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“Hypoglycemia” is the medical term for low blood sugar (glucose).
Occasionally, hypoglycemia can be dangerous (for example, from injecting too much insulin). It may also indicate a serious underlying medical condition, such as a tumor of the pancreas or liver disease. More often, however, when people say they have hypoglycemia, they are describing a group of symptoms that occur when the body overreacts to the rise in blood sugar that occurs after eating, resulting in a rapid or excessive fall in the blood sugar level. This is sometimes called “reactive hypoglycemia.”
Many people who believe they have reactive hypoglycemia do not, in fact, have low blood sugar levels,1 and many people who do have low blood sugar levels do not have any symptoms of reactive hypoglycemia.2 Some evidence suggests that reactive hypoglycemia may be partly a psychological condition.3 Consequently, some doctors believe that reactive hypoglycemia does not exist.4 Most doctors, on the other hand, have found reactive hypoglycemia to be a common cause of the symptoms listed below.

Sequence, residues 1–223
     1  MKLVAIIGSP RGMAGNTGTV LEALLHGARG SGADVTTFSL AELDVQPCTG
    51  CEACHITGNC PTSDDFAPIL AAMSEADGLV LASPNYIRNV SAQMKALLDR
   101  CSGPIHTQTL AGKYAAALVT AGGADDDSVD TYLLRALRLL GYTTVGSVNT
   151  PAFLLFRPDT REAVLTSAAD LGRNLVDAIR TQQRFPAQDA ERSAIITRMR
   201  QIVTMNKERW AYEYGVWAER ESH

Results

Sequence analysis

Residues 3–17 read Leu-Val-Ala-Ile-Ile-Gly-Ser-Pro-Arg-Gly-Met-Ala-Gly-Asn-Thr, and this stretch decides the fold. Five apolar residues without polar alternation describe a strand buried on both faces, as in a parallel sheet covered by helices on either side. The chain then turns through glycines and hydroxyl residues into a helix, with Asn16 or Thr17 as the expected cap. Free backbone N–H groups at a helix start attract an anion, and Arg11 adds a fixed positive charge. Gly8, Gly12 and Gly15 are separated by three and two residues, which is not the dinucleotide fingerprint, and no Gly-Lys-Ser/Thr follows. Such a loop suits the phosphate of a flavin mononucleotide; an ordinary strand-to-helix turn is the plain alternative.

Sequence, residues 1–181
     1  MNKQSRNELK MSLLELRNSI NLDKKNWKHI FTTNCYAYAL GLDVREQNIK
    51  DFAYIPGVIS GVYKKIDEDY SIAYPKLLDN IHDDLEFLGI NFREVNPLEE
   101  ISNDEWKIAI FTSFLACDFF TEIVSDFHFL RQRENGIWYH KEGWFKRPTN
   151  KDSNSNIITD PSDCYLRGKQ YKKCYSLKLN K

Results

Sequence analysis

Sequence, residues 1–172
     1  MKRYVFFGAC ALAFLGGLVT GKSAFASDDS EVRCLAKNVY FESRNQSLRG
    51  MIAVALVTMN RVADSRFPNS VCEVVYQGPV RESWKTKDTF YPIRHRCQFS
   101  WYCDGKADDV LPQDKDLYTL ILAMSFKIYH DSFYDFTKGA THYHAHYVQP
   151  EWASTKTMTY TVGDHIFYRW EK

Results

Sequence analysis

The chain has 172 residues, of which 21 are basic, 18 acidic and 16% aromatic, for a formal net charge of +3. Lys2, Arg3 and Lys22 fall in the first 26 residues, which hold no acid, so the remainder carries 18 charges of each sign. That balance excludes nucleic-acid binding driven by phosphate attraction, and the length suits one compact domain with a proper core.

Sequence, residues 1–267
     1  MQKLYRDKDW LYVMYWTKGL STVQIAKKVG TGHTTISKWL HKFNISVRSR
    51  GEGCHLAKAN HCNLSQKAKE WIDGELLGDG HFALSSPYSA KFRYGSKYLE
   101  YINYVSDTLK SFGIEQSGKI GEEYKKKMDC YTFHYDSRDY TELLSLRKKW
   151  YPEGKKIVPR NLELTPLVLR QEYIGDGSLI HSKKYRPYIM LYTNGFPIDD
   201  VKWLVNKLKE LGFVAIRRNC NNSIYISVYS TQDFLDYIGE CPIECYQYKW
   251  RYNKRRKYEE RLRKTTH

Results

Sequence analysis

According to the American Diabetes Association, untreated hypoglycemia carries potentially serious health risks. Fortunately, acute hypoglycemia is simple to treat, requiring only nourishment to balance the blood sugar. After using glucose test to confirm that blood sugar is low:
Stay prepared to support your blood sugar stability by keeping 15 grams of simple carbohydrates on hand:
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The information presented in Aisle7 is for informational purposes only. It is based on scientific studies (human, animal, or in vitro), clinical experience, or traditional usage as cited in each article. The results reported may not necessarily occur in all individuals. Self-treatment is not recommended for life-threatening conditions that require medical treatment under a doctor's care. For many of the conditions discussed, treatment with prescription or over the counter medication is also available. Consult your doctor, practitioner, and/or pharmacist for any health problem and before using any supplements or before making any changes in prescribed medications. Information expires June 2016.